Switzerland, Sweden, the Netherlands, the United States and the United Kingdom are the world’s most innovative countries, while a group of nations including India, Kenya and Vietnam are outperforming their development-level peers, according to the Global Innovation Index 2017.
Key findings show the rise of India as an emerging innovation center in Asia, high innovation performance in sub-Saharan Africa relative to development, and an opportunity to improve innovation capacity in Latin America and the Caribbean.
Each year, the GII surveys some 130 economies using dozens of metrics, from patent filings to education spending, providing decision-makers a high-level look at the innovative activity that increasingly drives economic and social growth.
Cornell SC Johnson faculty, and other Cornell faculty and staff, wrote significant portions of the report. The report’s theme this year is Innovation Feeding the World, and Cornell faculty contributed their expertise at the intersection of business and agricultural sciences.
The chapter on “Innovation in Agriculture and Food Systems in the Digital Age” was written by Harold van Es, professor of soil and water management, and Joshua Woodard, assistant professor of applied economics and management.
Miguel Gómez, associate professor of applied economics and management, and Katie Ricketts, M.S. ’12, wrote the chapter on “Innovations in Food Distribution: Food Value Chain Transformations in Developing Countries and Their Implications for Nutrition.”
Dutta, GII lead researcher Rafael Escalona Reynoso and GII project manager Jordan Litner contributed to Chapter 1, which sums up the results and findings of this year’s report.
Dutta founded the Global Innovation Index in 2007 while a professor at INSEAD. His goal was to produce a comprehensive broad-based model of innovation that captured its complex nature in both developed and emerging economies. This year marks the 10th edition of the report.
In a new feature for the GII, a special section by WIPO looks at “invention hot spots” around the globe that show the highest density of inventors listed in international patent applications.
The GII 2017 notes a continued gap in innovative capacity between developed and developing nations and lackluster growth rates for research and development activities at the government and corporate levels.
In 2017, Switzerland leads the rankings for the seventh consecutive year, with high-income economies taking 24 of the top 25 spots; China is the exception at 22. In 2016, China became the first-ever middle-income economy in the top 25.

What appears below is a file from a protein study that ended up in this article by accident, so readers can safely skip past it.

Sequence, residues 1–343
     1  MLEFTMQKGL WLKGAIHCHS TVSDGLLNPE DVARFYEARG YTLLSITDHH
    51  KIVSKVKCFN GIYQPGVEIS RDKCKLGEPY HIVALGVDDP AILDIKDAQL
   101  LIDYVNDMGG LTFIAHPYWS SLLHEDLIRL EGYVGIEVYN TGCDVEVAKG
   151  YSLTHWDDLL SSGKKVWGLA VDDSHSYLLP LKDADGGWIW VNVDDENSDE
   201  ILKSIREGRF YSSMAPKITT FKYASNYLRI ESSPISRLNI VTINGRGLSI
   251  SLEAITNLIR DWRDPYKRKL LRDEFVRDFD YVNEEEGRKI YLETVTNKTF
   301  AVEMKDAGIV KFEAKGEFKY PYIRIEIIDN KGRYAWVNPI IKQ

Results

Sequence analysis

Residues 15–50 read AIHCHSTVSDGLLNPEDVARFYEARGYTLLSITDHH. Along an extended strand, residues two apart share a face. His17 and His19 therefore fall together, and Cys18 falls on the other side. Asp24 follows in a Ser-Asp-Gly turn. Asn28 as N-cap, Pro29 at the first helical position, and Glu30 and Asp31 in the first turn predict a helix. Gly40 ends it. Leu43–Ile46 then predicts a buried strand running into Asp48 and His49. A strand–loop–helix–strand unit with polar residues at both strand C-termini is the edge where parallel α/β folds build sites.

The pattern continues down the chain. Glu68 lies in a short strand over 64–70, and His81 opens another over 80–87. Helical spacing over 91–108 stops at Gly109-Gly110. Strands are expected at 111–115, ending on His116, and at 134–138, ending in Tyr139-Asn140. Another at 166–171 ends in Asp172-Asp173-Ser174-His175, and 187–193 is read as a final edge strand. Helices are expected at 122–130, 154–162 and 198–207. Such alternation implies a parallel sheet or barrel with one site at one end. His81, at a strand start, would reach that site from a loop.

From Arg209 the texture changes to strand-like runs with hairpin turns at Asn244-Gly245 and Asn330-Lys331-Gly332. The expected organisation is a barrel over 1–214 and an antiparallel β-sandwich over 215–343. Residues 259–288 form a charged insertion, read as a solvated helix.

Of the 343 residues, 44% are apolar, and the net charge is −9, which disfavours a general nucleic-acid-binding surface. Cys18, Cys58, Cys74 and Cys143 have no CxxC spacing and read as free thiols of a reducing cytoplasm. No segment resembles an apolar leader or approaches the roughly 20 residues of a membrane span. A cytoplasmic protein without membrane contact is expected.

“Efforts to bridge the innovation divide have to start with helping emerging economies understand their innovation strengths and weaknesses, and create appropriate policies and metrics,” said Dutta. “This has been the GII’s purpose for more than 10 years now.”
Other results include:
Two North American countries – the U.S. (fourth overall) and Canada (18th globally) – show particularly sophisticated financial markets and intensity of venture capital activity, which help stimulate private-sector economic activity.
In this year’s edition, 15 of the top 25 global economies are in Europe. Europe is particularly strong in human capital and research, infrastructure and business sophistication. European economies rank first in almost half the indicators composing the GII.
The Republic of Korea maintains its top overall rankings in patenting and other indicators related to intellectual property, while Japan is in the top 10 for research and development, information and communication technologies, trade, competition, market scale, knowledge absorption, creation and diffusion.
India, 60th globally, is the top-ranked economy in Central and Southern Asia and has now outperformed on innovation relative to its gross domestic product per capita for seven years in a row.
Israel (17th overall) and Cyprus (30th overall) achieve the top two spots in the region for the fifth consecutive year. The largest economies in Latin America and the Caribbean (Chile, Mexico, Brazil and Argentina) show particular strengths in institutions, infrastructure and business sophistication.
Sub-Saharan Africa draws its highest scores in institutions and market sophistication, where economies such as Mauritius, Botswana, South Africa, Namibia, Rwanda and Burkina Faso perform on par or better than some of their development-level peers in Europe and Southeast Asia, East Asia and Oceania.
The index is submitted to an independent statistical audit by the Joint Research Centre of the European Commission. To download the full report visit: www.globalinnovationindex.org.